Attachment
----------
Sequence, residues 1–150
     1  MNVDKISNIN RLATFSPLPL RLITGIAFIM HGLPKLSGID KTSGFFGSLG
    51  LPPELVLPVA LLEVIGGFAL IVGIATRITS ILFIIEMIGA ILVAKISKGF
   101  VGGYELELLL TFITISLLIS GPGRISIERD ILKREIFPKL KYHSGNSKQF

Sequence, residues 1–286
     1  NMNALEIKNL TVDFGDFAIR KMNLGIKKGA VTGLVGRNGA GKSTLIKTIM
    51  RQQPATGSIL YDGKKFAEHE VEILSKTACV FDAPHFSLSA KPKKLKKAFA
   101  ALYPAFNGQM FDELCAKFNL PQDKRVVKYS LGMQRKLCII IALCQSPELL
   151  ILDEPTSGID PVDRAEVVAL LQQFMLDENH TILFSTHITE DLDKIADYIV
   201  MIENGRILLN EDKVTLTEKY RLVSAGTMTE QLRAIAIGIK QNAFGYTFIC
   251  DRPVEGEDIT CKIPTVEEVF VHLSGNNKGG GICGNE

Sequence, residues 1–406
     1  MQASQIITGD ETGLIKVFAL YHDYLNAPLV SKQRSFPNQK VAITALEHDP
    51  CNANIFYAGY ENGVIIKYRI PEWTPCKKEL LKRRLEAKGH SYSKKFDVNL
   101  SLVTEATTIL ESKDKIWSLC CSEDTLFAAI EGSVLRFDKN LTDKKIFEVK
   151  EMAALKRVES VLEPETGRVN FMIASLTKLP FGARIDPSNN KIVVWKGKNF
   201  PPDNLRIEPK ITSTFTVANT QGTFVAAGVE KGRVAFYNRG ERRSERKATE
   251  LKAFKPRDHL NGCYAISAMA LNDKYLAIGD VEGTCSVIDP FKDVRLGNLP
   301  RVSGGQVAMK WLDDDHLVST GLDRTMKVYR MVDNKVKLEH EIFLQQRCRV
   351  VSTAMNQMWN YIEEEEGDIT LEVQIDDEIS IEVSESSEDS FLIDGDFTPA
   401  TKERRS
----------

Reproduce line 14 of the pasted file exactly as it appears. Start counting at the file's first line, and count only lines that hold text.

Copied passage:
    51  CNANIFYAGY ENGVIIKYRI PEWTPCKKEL LKRRLEAKGH SYSKKFDVNL